10. The third point raised by the Additional Solicitor General is also not one of substance. According to him, retrenchment could only be struck down if it was mala fide or if it was shown that there was victimisation of the workman etc. Learned counsel further argued that the Tribunal had gone wrong in holding that the retrenchment was illegal as section 25F of the Industrial Disputes Act had not been complied with. Under that section, a workman employed in any industry should not be retrenched until he had been given one month's notice in writing indicating the reasons for retrenchment and the period of notice had expired, or the workman had been paid in lieu of such notice, wages for the period of the notice. The notice in this case bears the date November 15, 1958. It is to the effect that the addressee's services were terminated with effect from the 17th November and that he would get on month's wages in lieu of notice of termination of his service. The workman was further asked to collect his dues from the cash office on November 20, 1958 or thereafter during the working hours. Manifestly, section 25F had not been complied with under which it was incumbent on the employer to pay the workman, the wages for the period of the notice in lieu of the notice. That, is to say, if he was asked to go forthwith he had to be paid at the time when he was asked to go and could not be asked to collect his dues afterwards. As there was no compliance with section 25F we need not consider the other points raised by the learned counsel. This conclusion receives support from the observations of this Court in Bombay Union of Journalists v. The State of Bombay : (1964)ILLJ351SC Incidentally it may also be pointed out that the retrenchment of Sushil does not seem to be otherwise justified in that following the principle of 'last come first to go'. Sushil could not be called upon to leave the company's service. Another employee by name Joy Kishen, junior to Sushil, was retained in service. No doubt, the Labour Officer, Jha, tried to make out a case in his oral evidence that Joy Kishen was retained in service because he was doing a special job at the time while Sushil was not. The Tribunal rejected this contention on the ground that this plea had not been put forward in the written statements of the company and we do not see any reason why we should take a different view.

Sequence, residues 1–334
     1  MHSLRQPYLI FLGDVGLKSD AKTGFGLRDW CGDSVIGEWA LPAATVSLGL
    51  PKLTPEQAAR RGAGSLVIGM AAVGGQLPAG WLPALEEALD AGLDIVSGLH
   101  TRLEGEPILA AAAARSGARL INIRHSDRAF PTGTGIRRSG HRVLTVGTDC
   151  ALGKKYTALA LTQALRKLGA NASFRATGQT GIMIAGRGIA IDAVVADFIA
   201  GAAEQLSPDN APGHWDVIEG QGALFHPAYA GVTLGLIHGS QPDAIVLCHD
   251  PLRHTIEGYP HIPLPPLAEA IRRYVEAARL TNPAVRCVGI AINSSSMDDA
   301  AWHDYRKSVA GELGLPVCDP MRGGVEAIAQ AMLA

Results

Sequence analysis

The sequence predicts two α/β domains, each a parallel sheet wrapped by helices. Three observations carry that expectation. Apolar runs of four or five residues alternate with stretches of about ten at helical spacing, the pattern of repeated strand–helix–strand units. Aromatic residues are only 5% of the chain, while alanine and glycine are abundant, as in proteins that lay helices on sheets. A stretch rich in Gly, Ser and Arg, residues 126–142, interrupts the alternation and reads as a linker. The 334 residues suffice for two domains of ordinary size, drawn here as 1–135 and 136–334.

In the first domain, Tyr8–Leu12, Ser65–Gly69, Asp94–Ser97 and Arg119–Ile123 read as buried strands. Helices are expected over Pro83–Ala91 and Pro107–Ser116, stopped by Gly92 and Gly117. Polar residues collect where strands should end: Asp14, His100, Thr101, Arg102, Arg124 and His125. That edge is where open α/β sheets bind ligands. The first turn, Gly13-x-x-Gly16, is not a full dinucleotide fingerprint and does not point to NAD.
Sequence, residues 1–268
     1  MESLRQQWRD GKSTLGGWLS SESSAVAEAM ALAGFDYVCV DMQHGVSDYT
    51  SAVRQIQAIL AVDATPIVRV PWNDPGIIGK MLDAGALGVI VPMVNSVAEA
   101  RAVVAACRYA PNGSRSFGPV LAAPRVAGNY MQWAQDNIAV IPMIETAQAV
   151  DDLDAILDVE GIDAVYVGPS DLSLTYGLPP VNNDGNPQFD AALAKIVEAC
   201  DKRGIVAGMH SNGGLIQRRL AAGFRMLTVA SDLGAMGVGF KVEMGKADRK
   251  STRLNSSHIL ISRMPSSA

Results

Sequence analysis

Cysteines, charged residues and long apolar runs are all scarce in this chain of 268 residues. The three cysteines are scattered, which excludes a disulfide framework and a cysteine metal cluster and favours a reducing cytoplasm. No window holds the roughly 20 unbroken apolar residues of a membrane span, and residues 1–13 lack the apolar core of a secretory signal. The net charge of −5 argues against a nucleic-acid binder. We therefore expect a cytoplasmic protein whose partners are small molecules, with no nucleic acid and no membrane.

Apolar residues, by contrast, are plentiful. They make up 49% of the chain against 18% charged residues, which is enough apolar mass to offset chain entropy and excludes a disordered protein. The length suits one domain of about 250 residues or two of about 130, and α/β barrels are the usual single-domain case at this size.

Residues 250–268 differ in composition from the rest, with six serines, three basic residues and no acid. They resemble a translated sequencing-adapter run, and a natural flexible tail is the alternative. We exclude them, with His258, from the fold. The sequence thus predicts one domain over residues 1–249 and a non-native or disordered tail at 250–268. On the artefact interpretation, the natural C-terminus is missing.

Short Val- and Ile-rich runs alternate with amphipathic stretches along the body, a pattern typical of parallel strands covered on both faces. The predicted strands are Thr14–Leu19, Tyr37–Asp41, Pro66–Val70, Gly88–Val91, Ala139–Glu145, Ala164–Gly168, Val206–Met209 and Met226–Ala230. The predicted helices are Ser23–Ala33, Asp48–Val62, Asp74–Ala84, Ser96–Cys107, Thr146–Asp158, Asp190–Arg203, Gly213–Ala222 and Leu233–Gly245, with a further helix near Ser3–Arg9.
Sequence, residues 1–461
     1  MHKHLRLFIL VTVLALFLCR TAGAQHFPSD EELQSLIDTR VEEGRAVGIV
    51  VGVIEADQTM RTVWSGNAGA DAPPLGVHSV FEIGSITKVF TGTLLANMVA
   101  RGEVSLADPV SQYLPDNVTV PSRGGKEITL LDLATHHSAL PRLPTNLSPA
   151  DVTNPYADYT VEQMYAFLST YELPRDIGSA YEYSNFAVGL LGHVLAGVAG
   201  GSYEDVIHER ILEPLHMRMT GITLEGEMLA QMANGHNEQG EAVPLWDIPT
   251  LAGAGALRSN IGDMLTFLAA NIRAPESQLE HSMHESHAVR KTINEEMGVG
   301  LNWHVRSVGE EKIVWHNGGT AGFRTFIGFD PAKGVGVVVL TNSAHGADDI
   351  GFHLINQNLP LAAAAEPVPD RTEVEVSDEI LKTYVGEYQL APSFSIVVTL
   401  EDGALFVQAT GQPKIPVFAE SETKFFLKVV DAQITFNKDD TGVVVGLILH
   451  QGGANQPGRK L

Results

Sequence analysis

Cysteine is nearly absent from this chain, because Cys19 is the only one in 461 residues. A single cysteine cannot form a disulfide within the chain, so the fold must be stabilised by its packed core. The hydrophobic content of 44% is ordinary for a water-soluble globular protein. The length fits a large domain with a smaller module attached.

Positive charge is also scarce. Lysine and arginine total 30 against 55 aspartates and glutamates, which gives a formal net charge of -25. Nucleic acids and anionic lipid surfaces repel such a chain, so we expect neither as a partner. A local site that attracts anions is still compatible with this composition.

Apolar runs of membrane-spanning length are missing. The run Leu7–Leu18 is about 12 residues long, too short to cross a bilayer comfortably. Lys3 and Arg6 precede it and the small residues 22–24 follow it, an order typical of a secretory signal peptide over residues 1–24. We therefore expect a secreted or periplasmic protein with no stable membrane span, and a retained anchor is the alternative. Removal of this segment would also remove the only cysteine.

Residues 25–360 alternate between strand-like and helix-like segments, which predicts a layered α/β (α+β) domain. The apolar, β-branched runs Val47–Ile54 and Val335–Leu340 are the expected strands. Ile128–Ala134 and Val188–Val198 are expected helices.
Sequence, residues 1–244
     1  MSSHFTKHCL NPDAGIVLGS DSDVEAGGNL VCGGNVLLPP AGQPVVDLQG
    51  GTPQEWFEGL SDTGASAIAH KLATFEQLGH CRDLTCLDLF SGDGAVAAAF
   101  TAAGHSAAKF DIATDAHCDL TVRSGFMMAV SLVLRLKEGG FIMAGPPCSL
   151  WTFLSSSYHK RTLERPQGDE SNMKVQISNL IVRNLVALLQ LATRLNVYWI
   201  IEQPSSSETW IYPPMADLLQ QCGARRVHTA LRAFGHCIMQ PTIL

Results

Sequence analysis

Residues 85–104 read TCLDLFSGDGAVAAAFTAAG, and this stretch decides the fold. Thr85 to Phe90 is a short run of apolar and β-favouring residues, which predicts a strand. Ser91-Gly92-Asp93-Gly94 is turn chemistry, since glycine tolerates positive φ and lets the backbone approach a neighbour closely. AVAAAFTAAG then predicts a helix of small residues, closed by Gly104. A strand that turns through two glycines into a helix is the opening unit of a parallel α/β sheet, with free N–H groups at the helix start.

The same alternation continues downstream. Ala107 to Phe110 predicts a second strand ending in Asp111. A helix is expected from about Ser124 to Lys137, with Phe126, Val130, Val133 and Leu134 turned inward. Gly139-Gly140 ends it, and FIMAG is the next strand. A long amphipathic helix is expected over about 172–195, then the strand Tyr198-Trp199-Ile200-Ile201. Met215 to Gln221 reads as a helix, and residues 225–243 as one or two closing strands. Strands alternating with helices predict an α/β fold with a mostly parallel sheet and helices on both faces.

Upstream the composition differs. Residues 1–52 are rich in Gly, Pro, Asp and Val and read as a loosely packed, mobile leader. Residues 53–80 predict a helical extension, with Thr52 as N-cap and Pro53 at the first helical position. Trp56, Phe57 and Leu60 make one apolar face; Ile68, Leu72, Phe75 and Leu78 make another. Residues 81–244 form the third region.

11. The last point urged was that the Tribunal had gone wrong in ordering the abolition of contract labour employed by Tatanagar Foundry Co. Ltd. There is no doubt that the other three concerns did not employ such labour. It was argued that railways gave contracts for supply of sleepers to a number of concerns including Tatanagar Foundry Co. Ltd. The employment of contract labour served to keep down the costs as there would not be sufficient work for all the workmen if permanent labour were employed. It was on this ground that Tatanagar Foundry Co. Ltd. had made an application at the early stages of the enquiry and pressed for a number of engineering concerns to be made parties to the dispute but the Tribunal had not acceded to this prayer. After dealing with the point in some detail, the Tribunal directed Tatanagar Foundry Co. Ltd. to abolish the system of contract labour excepting for the purpose of loading, unloading and for removing slags, ashes burnt sand etc. and waste products. It was not argued before us that the Tribunal's appraisal of the evidence and the direction to abolish contract labour were fundamentally wrong. What was urged before us was that such a direction would be discriminatory as between concerns engaged in the manufacture of railway sleepers and the abolition of contract labour in Tatanagar Foundry Co. Ltd. would mean an increase in its working expenses while the other concerns similarly engaged would be free to employ contract labour thus oust Tatanagar Foundry Co. Ltd. from competition. As we have not the material before us to come to such a conclusion, we do not feel competent to express any opinion on this point and can only add that abolition of contract system of labour can be ordered by an Industrial Tribunal if the facts justify it. Industrial adjudication should not encourage the employment of contract labour is a principal which was laid down by this Court as far back as 1960 in Standard Vacuum Refining Co. of India Ltd. v. Its Workmen : (1960)IILLJ238SC .
12. In the result, the points urged by the learned Additional Solicitor General all fail and the appeal is dismissed with costs.
13. Appeal dismissed.